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The Lost Princess of Oz

L. Frank Baum

ISBN 10: 1153710285 / ISBN 13: 9781153710282
Published by General Books LLC, 2010
Used Condition: Very Good
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Bibliographic Details

Title: The Lost Princess of Oz

Publisher: General Books LLC

Publication Date: 2010

Book Condition:Very Good

About this title


Excerpt: ...rather than ferocity. "What's wanted?" asked one old giant in a low, grumbling voice. "We are strangers, and we wish to enter the city," replied the Wizard. "Do you come in war or peace?" asked another. "In peace, of course," retorted the Wizard, and he added impatiently, "Do we look like an army of conquest?" "No," said the first giant who had spoken, "you look like innocent tramps; but you never can tell by appearances. Wait here until we report to our masters. No one can enter here without the permission of Vig, the Czarover." "Who's that?" inquired Dorothy. But the heads had all bobbed down and disappeared behind the walls, so there was no answer. They waited a long time before the gate rolled back with a rumbling sound, and a loud voice cried, "Enter!" But they lost no time in taking advantage of the invitation. On either side of the broad street that led into the city from the gate stood a row of huge giants, twenty of them on a side and all standing so close together that their elbows touched. They wore uniforms of blue and yellow and were armed with clubs as big around as treetrunks. Each giant had around his neck a broad band of gold, riveted on, to show he was a slave. As our friends entered riding upon the Lion, the Woozy, the Sawhorse and the Mule, the giants half turned and walked in two files on either side of them, as if escorting them on their way. It looked to Dorothy as if all her party had been made prisoners, for even mounted on their animals their heads scarcely reached to the knees of the marching giants. The girls and Button-Bright were anxious to know what sort of a city they had entered, and what the people were like who had made these powerful creatures their slaves. Through the legs of the giants as they walked, Dorothy could see rows of houses on each side of the street and throngs of people standing on the sidewalks, but the people were of ordinary size and the only remarkable thing about them was the fact that they...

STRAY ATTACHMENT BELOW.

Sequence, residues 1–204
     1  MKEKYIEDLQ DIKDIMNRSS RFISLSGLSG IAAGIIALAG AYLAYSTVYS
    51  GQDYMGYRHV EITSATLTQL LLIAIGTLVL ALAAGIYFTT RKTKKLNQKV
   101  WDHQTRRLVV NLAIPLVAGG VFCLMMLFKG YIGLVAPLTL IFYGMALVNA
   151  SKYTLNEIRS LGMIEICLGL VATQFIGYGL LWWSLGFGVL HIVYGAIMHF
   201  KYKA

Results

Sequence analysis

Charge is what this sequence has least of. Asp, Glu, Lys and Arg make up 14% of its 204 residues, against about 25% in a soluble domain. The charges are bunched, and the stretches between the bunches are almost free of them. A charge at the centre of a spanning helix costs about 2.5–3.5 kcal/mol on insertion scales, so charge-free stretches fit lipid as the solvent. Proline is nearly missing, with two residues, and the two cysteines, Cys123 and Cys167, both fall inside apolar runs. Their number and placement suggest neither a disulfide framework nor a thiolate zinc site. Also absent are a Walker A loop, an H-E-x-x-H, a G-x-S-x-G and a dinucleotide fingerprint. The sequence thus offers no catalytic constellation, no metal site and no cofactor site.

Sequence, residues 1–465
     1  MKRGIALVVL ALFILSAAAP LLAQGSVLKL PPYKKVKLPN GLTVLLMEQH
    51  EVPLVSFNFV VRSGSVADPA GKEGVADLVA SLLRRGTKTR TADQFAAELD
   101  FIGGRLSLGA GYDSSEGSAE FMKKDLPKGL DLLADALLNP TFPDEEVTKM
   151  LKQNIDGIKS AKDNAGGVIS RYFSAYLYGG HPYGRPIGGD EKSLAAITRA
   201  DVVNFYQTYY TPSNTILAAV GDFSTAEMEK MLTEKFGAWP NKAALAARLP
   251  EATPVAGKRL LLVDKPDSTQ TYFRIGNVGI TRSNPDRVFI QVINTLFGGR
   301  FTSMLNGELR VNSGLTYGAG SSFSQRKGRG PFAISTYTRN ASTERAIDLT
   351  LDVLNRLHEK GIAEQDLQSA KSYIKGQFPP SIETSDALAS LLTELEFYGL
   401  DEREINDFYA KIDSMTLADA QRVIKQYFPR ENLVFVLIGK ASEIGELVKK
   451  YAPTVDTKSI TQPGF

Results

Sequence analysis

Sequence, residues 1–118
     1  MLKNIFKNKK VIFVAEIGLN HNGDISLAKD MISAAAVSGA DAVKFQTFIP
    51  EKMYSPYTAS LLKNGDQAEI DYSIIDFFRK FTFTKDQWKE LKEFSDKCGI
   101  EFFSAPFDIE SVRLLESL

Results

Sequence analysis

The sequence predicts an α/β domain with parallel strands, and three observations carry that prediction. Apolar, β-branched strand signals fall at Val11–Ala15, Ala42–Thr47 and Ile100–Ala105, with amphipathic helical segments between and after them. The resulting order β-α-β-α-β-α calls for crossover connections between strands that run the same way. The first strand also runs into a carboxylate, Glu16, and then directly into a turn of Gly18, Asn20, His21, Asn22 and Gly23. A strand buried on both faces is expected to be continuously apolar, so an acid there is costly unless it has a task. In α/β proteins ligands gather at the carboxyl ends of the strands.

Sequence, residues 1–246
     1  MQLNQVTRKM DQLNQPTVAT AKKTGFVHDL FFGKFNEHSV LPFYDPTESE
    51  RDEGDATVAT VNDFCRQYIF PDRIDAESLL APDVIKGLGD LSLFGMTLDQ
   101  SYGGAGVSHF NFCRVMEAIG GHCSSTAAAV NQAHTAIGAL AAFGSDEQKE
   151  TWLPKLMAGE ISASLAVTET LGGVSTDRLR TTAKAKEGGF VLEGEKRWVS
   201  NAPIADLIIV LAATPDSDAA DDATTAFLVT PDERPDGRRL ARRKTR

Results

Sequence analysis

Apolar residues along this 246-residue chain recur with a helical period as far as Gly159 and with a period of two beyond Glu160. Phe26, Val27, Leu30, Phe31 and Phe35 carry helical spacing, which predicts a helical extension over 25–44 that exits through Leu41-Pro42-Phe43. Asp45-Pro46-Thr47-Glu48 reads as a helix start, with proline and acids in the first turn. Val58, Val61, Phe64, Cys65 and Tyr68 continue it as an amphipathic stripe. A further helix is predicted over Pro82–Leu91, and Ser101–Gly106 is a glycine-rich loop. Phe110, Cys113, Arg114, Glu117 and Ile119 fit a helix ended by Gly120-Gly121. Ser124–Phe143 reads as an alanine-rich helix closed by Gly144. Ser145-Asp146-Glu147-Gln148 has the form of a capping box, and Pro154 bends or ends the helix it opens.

About the Author:

L. Frank Baum (1856 1919) was an American author of books, short stories, and poetry. He is best known for writing The Wonderful Wizard of Oz and thirteen other books about the Land of Oz. His books have been adapted for stage and screen and continue to be popular today.

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